Wichita Public Library

Thomas Malbaux

The Wichita Public Library is beginning a new program this week that offers online learning in a social, small group setting.

The sessions are called Learning Circles, and they’re free.

Ten Learning Circles are planned from now through November on topics such as fake news, the art of poetry, superheroes and how to make a website.

The idea is to get a group of 10-15 people together to take an online course and talk about it along the way to completion.

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A film and discussion about race will take place Monday evening at Wichita’s Rockwell Branch Library. Participants will explore where the idea of race comes from.

Part one of the acclaimed PBS documentary series “Race: The Power of an Illusion” will give participants a chance to learn about the ways we consider race.

iphonedigital / flickr Creative Commons

According to a Pew study, 77 percent of Americans own smartphones and more than half own a tablet. However, not everyone knows how to adequately use the devices. The Wichita Public Library is offering a class for people to learn more – particularly for iPhone and iPad users. 

The class will cover a range of things that Apple devices can do.

For nine years, Ben Ropp has been a technology trainer librarian at Wichita Public Library. Ropp says the class will basically give users a tour of their device.

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The Wichita Community Foundation has announced a $160,000 grant to help impact literacy in Wichita. The foundation will partner with the Wichita Eagle, the Wichita Public Library and Watermark Books & Cafe.

Impact Literacy is an initiative by the Wichita Community Foundation whose goal is to help increase academic readiness, success in the workforce and economic growth in the community.

Stephanie Huff / Wichita Public Library

Libraries in Kansas and across the country are trying to help children improve early literacy skills by offering a reading challenge: to read 1000 books before kindergarten.

The Wichita Public Library is hosting a series of programs this year looking at issues of race and ethnicity, particularly in relation to law enforcement. 

The first presentation in the "Candid Conversations" series will be from Dr. Gretchen Eick, a history professor at Friends University. Eick is the author of Dissent in Wichita, a book focusing on race relations and the modern civil rights movement, particularly Wichita's Dockum Sit-In, one of the first anti-segregation demonstrations of its kind in the country.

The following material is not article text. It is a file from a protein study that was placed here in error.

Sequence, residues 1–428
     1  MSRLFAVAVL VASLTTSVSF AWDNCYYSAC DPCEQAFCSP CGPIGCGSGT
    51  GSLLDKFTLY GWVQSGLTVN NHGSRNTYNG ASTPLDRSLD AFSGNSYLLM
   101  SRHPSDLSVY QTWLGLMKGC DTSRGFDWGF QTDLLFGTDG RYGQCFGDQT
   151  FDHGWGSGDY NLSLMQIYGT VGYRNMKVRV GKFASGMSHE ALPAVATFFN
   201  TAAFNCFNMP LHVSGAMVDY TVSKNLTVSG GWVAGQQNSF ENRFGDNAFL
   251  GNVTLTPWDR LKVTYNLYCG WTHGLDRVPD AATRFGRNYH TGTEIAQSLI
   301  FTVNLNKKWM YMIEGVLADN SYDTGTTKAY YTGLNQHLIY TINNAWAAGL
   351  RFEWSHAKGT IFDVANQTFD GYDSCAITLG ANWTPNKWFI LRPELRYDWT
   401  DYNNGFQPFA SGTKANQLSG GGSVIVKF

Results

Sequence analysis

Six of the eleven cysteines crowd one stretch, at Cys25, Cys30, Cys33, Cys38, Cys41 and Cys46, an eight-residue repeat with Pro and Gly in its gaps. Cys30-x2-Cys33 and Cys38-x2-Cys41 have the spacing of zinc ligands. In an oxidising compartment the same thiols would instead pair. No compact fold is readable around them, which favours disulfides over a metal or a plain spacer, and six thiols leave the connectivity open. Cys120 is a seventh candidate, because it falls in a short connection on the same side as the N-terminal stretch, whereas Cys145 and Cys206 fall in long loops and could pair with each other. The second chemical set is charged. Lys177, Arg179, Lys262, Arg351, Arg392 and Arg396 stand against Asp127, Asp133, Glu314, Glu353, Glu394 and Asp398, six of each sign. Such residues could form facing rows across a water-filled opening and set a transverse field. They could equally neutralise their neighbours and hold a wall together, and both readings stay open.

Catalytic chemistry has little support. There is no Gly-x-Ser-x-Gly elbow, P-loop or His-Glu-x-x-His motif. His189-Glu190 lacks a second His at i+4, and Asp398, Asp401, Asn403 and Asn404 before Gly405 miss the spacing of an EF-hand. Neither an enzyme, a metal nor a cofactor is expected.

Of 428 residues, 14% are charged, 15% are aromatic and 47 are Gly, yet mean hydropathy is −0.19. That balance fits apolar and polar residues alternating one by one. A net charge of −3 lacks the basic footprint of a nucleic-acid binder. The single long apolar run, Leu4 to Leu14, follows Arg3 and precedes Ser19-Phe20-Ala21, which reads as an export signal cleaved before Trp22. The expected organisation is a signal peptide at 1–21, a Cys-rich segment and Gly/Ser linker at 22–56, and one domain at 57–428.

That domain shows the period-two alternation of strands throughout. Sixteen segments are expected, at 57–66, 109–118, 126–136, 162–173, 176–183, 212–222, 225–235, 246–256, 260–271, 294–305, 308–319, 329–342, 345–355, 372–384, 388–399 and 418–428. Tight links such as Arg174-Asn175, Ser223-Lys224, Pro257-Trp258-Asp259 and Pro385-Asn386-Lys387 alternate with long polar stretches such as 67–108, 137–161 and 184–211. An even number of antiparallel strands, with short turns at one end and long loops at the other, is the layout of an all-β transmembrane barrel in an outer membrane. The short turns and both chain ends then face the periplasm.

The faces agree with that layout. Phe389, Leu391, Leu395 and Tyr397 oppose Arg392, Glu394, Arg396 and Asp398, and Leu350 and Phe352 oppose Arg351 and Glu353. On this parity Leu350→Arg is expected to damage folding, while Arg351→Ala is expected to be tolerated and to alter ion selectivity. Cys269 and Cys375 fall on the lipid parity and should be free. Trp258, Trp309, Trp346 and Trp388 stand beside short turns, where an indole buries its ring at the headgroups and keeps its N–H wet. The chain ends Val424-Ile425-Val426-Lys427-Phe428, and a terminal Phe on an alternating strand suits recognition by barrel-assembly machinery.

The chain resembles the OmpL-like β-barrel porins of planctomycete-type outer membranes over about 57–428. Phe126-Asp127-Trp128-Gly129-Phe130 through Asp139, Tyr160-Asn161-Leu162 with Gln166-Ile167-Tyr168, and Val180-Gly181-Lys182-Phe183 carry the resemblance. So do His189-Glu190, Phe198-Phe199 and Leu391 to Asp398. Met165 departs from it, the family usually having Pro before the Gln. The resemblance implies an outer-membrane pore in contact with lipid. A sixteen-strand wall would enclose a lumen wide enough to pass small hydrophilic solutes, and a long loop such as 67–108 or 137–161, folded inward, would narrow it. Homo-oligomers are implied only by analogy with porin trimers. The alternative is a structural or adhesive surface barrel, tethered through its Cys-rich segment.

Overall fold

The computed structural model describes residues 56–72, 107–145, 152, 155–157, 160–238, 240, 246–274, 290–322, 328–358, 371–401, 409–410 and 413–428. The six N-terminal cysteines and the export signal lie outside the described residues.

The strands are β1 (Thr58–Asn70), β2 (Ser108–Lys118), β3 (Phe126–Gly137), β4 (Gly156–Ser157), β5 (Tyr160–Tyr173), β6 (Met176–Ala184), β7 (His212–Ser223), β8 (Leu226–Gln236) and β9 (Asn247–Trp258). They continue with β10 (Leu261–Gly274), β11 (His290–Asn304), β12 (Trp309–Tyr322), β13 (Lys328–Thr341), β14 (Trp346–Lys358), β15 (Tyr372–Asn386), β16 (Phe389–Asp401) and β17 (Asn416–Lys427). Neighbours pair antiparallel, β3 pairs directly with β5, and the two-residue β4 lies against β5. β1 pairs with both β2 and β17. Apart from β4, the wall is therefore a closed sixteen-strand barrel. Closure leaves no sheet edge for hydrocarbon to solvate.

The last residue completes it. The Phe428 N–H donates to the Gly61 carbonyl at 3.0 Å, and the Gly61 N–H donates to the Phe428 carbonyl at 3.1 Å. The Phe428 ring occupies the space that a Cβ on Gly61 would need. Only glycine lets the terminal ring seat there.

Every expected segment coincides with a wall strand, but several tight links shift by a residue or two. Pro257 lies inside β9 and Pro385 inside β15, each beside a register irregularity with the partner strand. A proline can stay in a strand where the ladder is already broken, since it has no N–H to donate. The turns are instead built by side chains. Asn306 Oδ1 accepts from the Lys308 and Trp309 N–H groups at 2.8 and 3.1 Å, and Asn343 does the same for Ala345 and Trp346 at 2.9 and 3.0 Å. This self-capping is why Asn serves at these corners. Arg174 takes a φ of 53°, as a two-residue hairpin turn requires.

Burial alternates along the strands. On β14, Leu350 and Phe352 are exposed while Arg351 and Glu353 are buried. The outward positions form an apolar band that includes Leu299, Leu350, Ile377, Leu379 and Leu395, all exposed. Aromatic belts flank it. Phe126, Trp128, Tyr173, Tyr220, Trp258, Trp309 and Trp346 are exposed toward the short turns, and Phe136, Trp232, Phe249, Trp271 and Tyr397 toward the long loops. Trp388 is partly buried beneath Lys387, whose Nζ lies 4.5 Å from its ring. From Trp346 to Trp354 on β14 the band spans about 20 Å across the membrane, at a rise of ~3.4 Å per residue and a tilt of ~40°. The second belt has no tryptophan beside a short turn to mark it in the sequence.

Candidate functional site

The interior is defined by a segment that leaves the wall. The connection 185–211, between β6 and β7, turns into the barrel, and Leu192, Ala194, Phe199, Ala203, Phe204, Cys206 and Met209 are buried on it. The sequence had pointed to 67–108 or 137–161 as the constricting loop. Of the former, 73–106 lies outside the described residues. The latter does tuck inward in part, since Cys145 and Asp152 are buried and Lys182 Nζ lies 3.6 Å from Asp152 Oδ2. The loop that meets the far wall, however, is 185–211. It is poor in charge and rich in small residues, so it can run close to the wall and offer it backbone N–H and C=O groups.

Courtesy Wichita Public Library

The Wichita Public Library is engaging young readers through the Kansas Reads to Preschoolers program using a selected children's book. The month-long event promotes reading to children statewide from birth through age five.

Parents, librarians, and others who care for children are encouraged to share this year's book, "Bear Sees Colors," by Karma Wilson. The book will also be incorporated into various weekly storytimes at five library locations.

Courtesy Wichita Public Library/GLMV Architects

The Wichita Public Library Foundation has received a $100,000 gift from John Hyde, grandson of a Wichitan who invented mentholatum ointment.

The funds will go towards the campaign to build Wichita’s new Advanced Learning Library.

John Hyde serves on the foundation's board of directors and is Professor Emeritus of History at Williams College in Massachusetts. Hyde says he believes in supporting a project that invests in the knowledge of the community and the preservation of its history.

Nadya Faulx / KMUW

Ground broke today on Wichita’s new Advanced Learning Library.

The 2-story, 105,200-square-foot building at 2nd Street and McLean Boulevard, just west of downtown and the Arkansas River, will feature conference rooms, a dedicated research pavilion, a digital pavilion and a learning center just for kids.

Wichita Mayor Jeff Longwell told the crowd at Wednesday's event that the community is doing more than just breaking ground on a new library.

The Wichita Public Library Foundation announced a major gift toward its new Advanced Learning Library.

Cox Business has donated $500,000 toward the new facility being built at 2nd and McLean. A cash gift of $250,000 will go toward the library’s Digital Pavilion, and the company will give another $250,000 in high-speed internet services. Foundation chairman Don Barry said during the mayor's briefing Thursday that the Advanced Learning Library capital campaign is now almost 80 percent complete.​

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